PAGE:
I’m not really sure whether to shake my head in amazement that the New York Times has discovered that assault weapons kill very few people in America, or to be happy that they finally figured it out. Either way, on September 12th the Times published a “news analysis” by Lois Beckett, who writes for ProPublica, on “The Assault Weapon Myth.” In the analysis, Beckett reveals something that I figured out a couple of minutes into studying guns and violence in America: scary black rifles are not the problem.
The unmasking of the assault weapon myth, however, does not mean a fundamental rethinking of gun control efforts. Instead, it signals a shift in focus away from assault weapons toward handguns. (See also a companion article from September 9th by Beckett on the ProPublica site titled “Why Gun Control Groups Have Moved Away from an Assault Weapons Ban.”)
But is that still barking up the wrong tree? It is interesting to note that the Beckett assault weapon myth piece concludes by invoking the work of David Kennedy who has studied gun violence on the ground in America’s inner-cities (where the bulk of gun violence takes place) as much and as well as anyone. Kennedy’s solution? Not more gun control, as I have discussed in a previous post, but targeting the few individuals who are responsible for the majority of gun violence and addressing the issue of drugs and poverty in those communities.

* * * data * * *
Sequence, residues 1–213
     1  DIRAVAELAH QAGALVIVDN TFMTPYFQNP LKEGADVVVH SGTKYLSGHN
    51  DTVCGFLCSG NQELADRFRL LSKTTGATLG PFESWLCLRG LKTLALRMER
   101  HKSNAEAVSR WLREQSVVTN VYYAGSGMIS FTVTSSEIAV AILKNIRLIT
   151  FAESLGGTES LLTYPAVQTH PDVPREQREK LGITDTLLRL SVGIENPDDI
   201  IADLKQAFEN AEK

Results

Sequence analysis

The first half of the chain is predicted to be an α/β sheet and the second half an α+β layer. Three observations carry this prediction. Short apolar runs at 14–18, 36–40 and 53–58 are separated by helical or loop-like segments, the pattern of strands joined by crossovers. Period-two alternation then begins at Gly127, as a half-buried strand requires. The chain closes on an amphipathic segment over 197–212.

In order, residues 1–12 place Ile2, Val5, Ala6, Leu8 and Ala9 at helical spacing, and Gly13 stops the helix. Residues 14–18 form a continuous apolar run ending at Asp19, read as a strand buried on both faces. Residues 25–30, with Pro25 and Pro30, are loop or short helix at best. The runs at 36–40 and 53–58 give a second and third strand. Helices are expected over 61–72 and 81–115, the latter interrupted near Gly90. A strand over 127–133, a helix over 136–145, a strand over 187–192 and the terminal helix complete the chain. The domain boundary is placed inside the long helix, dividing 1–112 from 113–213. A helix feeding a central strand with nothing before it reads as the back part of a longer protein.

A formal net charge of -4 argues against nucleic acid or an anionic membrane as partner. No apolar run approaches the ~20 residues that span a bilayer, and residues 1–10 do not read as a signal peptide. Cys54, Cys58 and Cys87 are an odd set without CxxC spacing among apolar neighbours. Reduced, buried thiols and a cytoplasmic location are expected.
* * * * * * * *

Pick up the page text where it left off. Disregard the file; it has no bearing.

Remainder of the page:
As Beckett says of Kennedy’s work, “it’s an approach based on an honest assessment of the real numbers.” Better late than never, I suppose, but I’m still not sure if Beckett or others really hear what Kennedy is saying. For that, please check out his very interesting book, Don’t Shoot: One Man, A Street Fellowship, and the End of Violence in Inner-City America.
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